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Tech merger wave expected

Merge or perish

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Significantly, 45% of executives polled at technology, Internet and software companies expect their companies to merge within the next three years. It is a telling statistic that indicates that tech company executives are increasingly placing their businesses’ survival hopes on finding a suitor.

WHY MERGERS & ACQUISITIONS FAIL
Nearly half of all technology, Internet and software company executives expect their businesses will enter a merger in the next three years, according to a recent Grant Thornton Business Owners Council survey. Even more of them, however, cite several reasons why merger and acquisition deals fail.

• Poor integration strategies: 65%
• Key employees leaving: 62%
• Lack of compelling strategic rationale: 61%
• Acquiring company did not do sufficient due diligence: 60%
• Poor internal and/or external communications: 59%
• Corporate culture clashes: 55%
• Premium paid for the company was too high: 53%
• Unrealistic expectations of possible synergies: 52%

Sources: Grant Thornton L.L.P. and Wirthlin Worldwide, 2001

Indeed, many start-ups face a future about as promising as the Chicago Cubs’ chances of seeing post-season play, as their venture capital runs out and big-company competitors take their clients. "The big guys are getting into technology and a lot of smaller companies are saying, 'How can I compete with that?' " said Mike Hall, a Grant Thornton managing partner.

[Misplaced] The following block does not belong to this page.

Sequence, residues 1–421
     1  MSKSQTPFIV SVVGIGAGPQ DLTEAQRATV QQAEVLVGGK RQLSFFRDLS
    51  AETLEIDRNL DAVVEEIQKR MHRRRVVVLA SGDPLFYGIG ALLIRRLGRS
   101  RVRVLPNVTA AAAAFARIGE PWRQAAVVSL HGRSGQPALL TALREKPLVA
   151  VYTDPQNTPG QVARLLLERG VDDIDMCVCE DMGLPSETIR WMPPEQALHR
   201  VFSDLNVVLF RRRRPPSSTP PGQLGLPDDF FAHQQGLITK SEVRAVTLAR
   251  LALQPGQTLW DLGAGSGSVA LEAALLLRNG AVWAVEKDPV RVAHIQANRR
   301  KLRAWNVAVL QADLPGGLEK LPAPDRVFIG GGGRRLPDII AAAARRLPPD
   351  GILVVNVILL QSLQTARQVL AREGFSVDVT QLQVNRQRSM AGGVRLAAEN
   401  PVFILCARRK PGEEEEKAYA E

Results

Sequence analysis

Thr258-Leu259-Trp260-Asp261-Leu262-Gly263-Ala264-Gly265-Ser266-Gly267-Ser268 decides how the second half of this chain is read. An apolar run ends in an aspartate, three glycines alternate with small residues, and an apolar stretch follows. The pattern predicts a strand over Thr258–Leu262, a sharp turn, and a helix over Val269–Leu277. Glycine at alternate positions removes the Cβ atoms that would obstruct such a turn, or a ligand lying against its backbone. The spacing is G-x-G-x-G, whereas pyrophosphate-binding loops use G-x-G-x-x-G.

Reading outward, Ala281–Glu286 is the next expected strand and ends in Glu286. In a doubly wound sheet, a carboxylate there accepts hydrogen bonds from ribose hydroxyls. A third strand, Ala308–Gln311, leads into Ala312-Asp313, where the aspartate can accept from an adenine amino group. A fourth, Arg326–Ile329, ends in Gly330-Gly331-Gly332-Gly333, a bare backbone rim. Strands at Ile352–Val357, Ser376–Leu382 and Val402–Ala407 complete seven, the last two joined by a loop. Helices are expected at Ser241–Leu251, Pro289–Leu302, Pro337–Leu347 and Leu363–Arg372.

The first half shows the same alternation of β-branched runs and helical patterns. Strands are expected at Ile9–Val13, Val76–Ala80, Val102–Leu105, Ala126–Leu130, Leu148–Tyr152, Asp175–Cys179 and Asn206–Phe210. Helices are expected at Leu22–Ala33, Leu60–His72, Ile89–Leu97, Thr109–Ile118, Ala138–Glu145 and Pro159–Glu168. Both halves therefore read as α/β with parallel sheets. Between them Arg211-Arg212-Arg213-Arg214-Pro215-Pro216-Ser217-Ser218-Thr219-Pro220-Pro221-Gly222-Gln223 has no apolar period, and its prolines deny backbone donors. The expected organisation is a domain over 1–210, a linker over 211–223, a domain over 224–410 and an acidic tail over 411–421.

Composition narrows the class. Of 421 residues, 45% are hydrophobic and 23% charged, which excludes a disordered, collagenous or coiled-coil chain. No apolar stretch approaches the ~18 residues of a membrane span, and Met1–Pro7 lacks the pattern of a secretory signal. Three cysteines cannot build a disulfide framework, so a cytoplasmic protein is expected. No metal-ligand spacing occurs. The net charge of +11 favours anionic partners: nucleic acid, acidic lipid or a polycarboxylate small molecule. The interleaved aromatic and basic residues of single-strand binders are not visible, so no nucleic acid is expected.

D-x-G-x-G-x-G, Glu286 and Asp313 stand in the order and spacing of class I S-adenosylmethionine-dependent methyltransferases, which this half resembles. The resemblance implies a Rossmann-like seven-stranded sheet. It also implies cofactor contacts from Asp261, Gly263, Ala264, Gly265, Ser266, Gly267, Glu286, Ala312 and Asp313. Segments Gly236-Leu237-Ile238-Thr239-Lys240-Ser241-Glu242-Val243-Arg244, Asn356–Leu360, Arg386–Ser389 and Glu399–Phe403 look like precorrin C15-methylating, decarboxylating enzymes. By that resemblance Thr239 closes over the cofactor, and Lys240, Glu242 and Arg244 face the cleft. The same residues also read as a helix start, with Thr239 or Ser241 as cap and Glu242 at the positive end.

A good number of those who predicted their companies will merge also cited several reasons why mergers and acquisitions fail. Sixty-five percent of executives polled said that M&A deals fail because of poor integration strategies, while 62% attributed failures to key employees leaving. Fifty-five percent, meanwhile, said M&A deals fail because of culture clashes.

Notably, only 16% of those executives polled planned a cross-border merger. This reflects the difficulty of reconciling many issues, including cultural, labor and financial reporting. Witness DaimlerChrysler AG’s travails.

Forty-one percent of executives polled expect to pursue international strategic alliances rather than mergers. These provide some of the increased global marketing and manufacturing benefits of cross-border mergers, but are easier to exit than mergers.

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